Soleus muscle and Achilles tendon compressive stiffness is related to knee and ankle positioning
Authors: Carlos Cruz-Montecinos 1, 2, Manuela Besomi 3, 4, Nicolas Acevedo-Valenzuela 1, Kevin Cares-Marambio 1, Alejandro Bustamante 1, Benjamin Guzman-Gonzalez 1, Claudio Tapia-Malebran 1, Rodolfo Sanzana-Cuche 5, 6, Joaquin Calatayud 7, Guillermo Mendez-Rebolledo 8
- Department of Physical Therapy, Laboratory of Clinical Biomechanics, Faculty of Medicine, University of Chile, Santiago, Chile
- Division of Research, Devolvement and Innovation in Kinesiology, Kinesiology Unit, San Jose Hospital, Northern Metropolitan Health Service, Santiago, Chile
- Carrera de Kinesiologia, Facultad de Medicina Clinica Alemana, Universidad del Desarrollo, Chile
- School of Health and Rehabilitation Sciences, The University of Queensland, Brisbane, Queensland, Australia
- Department of Anatomy and Legal Medicine Faculty of Medicine, University of Chile, Chile
- Facultad de Medicina y Ciencia, Universidad San Sebastian, Sede Los Leones, Chile
- Exercise Intervention for Health Research Group (EXINH-RG), Department of Physiotherapy, University of Valencia, Spain
- Escuela de Kinesiologia, Facultad de Salud, Universidad Santo Tomas, Chile
Journal: Journal of Electromyography and Kinesiology - October 2022, Volume 66, Article no. 102698 (DOI: 10.1016/j.jelekin.2022.102698)
Changes in fascicle length and tension of the soleus (SOL) muscle have been observed in humans using B-mode ultrasound to examine the knee from different angles. An alternative technique of assessing muscle and tendon stiffness is myometry, which is non-invasive, accessible, and easy to use. This study aimed to estimate the compressive stiffness of the distal SOL and Achilles tendon (AT) using myometry in various knee and ankle joint positions.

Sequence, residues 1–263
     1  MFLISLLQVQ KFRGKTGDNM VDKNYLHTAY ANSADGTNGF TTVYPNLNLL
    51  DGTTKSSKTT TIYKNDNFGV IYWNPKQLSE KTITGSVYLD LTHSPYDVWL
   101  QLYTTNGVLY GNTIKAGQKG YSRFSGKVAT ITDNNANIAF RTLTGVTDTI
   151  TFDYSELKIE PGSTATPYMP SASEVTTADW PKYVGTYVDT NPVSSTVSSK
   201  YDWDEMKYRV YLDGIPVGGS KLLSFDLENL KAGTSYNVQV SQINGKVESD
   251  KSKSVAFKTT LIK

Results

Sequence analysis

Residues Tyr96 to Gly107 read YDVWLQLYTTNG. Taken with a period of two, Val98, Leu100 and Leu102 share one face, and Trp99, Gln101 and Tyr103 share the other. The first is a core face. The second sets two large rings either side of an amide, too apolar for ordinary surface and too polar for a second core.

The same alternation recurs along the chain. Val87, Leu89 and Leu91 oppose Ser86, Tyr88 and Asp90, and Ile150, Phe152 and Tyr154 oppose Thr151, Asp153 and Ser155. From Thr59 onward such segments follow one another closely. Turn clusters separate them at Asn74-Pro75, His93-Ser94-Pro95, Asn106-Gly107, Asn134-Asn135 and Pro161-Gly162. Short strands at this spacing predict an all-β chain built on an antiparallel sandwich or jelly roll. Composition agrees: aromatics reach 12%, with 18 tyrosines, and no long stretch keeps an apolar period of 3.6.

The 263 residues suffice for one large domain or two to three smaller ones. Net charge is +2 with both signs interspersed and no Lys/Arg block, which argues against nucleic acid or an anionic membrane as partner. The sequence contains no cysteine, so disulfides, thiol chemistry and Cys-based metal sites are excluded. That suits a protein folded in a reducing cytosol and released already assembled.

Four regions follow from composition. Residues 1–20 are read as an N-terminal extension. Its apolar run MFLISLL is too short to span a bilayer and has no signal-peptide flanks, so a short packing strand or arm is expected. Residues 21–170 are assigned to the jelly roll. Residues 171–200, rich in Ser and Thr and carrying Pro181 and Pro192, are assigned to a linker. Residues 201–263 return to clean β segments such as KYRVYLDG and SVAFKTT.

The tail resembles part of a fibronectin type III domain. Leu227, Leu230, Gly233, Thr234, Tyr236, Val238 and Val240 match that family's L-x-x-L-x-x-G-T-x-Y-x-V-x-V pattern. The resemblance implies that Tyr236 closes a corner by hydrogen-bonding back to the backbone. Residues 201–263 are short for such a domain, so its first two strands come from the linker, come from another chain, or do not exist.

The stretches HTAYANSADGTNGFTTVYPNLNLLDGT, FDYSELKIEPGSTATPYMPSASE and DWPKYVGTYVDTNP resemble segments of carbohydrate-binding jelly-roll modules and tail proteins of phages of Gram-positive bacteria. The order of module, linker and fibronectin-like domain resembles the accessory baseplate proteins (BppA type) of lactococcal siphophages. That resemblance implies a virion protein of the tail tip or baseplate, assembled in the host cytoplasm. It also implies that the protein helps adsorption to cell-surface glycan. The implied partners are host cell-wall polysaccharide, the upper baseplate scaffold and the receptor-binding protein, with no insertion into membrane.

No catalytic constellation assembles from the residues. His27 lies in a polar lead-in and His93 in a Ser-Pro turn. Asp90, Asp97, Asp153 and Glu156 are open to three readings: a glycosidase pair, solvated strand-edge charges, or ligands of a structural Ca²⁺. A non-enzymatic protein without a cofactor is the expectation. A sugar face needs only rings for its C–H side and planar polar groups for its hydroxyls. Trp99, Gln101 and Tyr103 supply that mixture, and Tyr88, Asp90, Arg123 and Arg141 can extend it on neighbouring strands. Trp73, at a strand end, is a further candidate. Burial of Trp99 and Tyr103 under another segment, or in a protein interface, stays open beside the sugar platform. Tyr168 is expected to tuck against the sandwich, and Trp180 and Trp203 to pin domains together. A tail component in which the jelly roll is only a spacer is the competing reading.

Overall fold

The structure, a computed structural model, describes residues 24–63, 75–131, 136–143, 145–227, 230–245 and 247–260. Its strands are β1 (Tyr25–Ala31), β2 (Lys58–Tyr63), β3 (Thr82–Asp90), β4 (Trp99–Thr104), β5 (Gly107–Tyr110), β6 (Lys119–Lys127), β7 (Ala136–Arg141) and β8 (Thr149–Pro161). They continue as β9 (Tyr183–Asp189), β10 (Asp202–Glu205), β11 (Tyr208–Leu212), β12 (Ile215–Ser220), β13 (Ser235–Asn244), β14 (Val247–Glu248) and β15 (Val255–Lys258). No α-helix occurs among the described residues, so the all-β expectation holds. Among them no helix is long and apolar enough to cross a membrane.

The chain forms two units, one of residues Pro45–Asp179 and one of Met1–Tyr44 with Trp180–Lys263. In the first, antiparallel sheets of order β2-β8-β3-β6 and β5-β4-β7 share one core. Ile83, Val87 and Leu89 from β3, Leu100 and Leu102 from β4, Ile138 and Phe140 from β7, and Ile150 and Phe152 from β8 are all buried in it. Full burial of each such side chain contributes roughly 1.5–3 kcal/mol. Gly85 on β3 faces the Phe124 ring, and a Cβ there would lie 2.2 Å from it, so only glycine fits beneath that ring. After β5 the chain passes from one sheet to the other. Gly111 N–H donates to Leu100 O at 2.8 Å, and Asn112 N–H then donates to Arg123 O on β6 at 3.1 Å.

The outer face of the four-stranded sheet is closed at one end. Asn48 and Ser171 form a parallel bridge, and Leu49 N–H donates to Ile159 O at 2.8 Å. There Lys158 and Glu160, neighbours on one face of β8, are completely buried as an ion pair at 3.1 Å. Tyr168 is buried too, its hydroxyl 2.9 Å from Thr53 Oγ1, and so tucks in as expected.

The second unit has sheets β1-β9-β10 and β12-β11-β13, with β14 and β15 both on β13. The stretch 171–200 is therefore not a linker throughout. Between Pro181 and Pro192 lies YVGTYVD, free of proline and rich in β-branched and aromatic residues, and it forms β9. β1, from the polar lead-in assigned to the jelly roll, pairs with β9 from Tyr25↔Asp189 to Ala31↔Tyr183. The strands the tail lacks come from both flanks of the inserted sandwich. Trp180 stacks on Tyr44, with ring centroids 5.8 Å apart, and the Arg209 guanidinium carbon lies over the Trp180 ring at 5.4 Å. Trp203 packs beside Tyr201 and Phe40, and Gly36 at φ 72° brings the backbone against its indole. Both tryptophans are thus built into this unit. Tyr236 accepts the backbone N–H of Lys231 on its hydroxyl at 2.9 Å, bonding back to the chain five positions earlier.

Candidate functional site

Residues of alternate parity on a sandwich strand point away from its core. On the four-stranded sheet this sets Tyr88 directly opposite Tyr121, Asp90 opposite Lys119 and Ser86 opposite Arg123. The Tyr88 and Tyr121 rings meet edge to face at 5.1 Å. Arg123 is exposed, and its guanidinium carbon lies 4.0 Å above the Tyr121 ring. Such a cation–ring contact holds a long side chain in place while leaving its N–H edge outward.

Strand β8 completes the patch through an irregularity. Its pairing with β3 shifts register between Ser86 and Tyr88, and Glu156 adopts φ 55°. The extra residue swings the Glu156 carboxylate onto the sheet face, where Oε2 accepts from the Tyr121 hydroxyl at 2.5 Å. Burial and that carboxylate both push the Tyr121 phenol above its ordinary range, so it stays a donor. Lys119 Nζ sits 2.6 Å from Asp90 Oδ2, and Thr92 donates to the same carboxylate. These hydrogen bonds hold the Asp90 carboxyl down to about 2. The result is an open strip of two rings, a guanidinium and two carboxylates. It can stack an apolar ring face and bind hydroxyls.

Twenty-six healthy young males were recruited. The MyotonPRO device was used to measure the compressive stiffness of the distal SOL and AT in the dominant leg. The knee was measured in two positions (90° of flexion and 0° of flexion) and the ankle joint in three positions (10° of dorsiflexion, neutral position, and 30° of plantar flexion) in random order. A three-way repeated-measures ANOVA test was performed.
Significant interactions were found for structure × ankle position, structure × knee position, and structure × ankle position × knee position (p < 0.05). The AT and SOL showed significant increases in compressive stiffness with knee extension over knee flexion for all tested ankle positions (p < 0.05). Changes in stiffness relating to knee positioning were larger in the SOL than in the AT (p < 0.05).
These results indicate that knee extension increases the compressive stiffness of the distal SOL and AT under various ankle joint positions, with a greater degree of change observed for the SOL.This study highlights the relevance of knee position in passive stiffness of the SOL and AT.
Keywords: myometer, myofascial force transmission, soleus, musculoskeletal, leg muscles
These results indicate that knee extension increases the compressive stiffness of the distal SOL and AT under various ankle joint positions, with a greater degree of change observed for the SOL. This study highlights the relevance of knee position in passive stiffness of the SOL and AT.